House of Stone: A Memoir of Home, Family, and a Lost Middle East Summary & Study Guide

Anthony Shadid
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This section contains 637 words
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House of Stone: A Memoir of Home, Family, and a Lost Middle East Summary & Study Guide Description

House of Stone: A Memoir of Home, Family, and a Lost Middle East Summary & Study Guide includes comprehensive information and analysis to help you understand the book. This study guide contains the following sections:

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Anthony Shadid, a reporter for the Washington Post, covers the eighteen-day war in Lebanon in 2006. After covering conflict for fifteen years in places like Baghdad and Beirut, including surviving a shot to the shoulder five years before, he is exhausted by destruction and tension. He leaves Beirut and travels to Marjayoun, the ancestral home his grandparents left in the early twentieth century as the Ottoman Empire was sliced into individual nations. He seeks the house his great-grandfather, Isber Samara. built and finds it damaged by an Israeli rocket. He imagines his grandmother growing up there, picking fruit from the ancient olive trees around the house. He plants a young olive tree himself, a promise to return and reinstate the grandeur and sense of home that house once possessed. He wants to bring his daughter Laila, herself dispossessed by his divorce from her mother, to Marjayoun one day to teach her about her heritage.

Shadid returns in August of 2007, with less than a year's leave of absence from the Washington Post, and a dream to completely resurrect the house. He soon learns that Lebanese time and scheduling is not the same as it is in America. The project, under the guidance of foreman Abu Jean, moves at a snail's pace for months, and nothing Shadid does speeds things up. He must contend with workers who don't show up when they say they will, the shrewd negotiating skills of merchants selling him supplies, and a town that thinks he is either crazy or a spy.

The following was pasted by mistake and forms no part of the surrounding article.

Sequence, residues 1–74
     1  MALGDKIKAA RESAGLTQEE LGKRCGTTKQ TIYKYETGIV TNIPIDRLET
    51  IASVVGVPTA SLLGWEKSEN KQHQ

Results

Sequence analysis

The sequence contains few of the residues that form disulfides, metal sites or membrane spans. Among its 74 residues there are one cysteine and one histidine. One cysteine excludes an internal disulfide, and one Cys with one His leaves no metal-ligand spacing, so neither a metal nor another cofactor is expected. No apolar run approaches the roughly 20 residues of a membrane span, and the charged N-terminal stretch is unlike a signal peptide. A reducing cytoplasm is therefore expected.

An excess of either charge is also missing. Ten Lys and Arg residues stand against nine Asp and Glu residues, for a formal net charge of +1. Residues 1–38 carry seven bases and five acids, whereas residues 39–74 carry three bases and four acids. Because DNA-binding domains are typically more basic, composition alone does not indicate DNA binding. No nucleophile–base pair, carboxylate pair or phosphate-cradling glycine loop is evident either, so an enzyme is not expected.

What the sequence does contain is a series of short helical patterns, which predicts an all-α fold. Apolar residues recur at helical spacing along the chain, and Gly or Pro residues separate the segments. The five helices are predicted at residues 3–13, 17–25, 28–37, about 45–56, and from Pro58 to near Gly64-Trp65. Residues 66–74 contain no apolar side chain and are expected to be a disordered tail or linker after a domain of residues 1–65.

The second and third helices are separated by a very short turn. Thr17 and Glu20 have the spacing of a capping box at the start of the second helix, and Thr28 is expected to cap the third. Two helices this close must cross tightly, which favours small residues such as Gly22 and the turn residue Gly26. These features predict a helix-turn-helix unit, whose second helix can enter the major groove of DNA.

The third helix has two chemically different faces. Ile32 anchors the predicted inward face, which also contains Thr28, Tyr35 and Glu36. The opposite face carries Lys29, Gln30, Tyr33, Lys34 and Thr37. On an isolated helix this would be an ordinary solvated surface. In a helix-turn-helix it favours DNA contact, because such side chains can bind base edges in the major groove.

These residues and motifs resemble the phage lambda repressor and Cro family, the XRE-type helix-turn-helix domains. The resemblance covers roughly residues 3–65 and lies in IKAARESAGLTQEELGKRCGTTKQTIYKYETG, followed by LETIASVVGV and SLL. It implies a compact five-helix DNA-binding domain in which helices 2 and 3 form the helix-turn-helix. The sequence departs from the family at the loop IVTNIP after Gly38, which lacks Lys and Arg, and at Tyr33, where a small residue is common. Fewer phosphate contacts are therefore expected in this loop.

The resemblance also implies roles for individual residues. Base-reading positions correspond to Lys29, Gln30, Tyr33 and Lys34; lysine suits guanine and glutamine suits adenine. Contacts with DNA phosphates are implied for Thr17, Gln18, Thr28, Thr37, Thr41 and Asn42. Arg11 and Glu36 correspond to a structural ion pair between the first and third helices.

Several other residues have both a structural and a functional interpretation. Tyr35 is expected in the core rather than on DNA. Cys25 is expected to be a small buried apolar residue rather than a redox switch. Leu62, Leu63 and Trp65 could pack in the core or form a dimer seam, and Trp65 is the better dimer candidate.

Despite the frustration of the reconstruction, Shadid makes some good friends in Marjayoun: Shibil, a pot-smoking arthritic middle-aged man, who vacillates between love and hate for his hometown; Hikmat, a local councilman, who wants to believe Marjayoun can return to its former glory; and Dr. Khairalla, a man who has long cared for the ills of Marjayoun's residents without receiving payment, who is now dying of cancer but still has the patience to teach Shadid a lesson in appreciating the value of taking one's time and learning a craft well. Shadid is reunited with a cousin, Karim, who gleefully treats Shadid like true family, guilt trips and unsolicited advice included. Marjayoun, a town that was once the crossroad of several cultures, is now dying a slow death, as more and more people leave empty houses for better opportunities in countries not plagued by violence. Shadid wonders if it can be revived.

Throughout his own story, Shadid intermingles the narrative of his great-grandfather Isber and how the house came to be built: Isber worked hard as a merchant and landlord on the ancestral plains of the Houran in a time before the Middle East had borders. The Ottoman Empire joined cultures, ethnicities, and religions under a common banner in a time of tolerance. But just as Isber had enough money to build a house that will raise his family's social status in Marjayoun, the end of World War I collapsed the Ottoman Empire. As Europeans carved the Middle East into arbitrary nations, creating boundaries and conflict where none before existed, Isber recognized the best opportunities for his children laid elsewhere, and he sent three of them to America. Shadid traces the history of his grandparents' journey toward each other in Oklahoma, and their struggles in their new land, while also relating the history of war in Lebanon that has kept the nation from every truly prospering.

Against all the odds, Shadid's house is essentially complete by the time he must return to Washington, DC. Despite the setbacks and culture shock, as Shadid moves through the house now restored to his great-grandfather's specifications, he feels a sense of belonging he never thought he would find. He is finally bayt, a word that means house in Arabic, but has deeper resonances of home.

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This section contains 637 words
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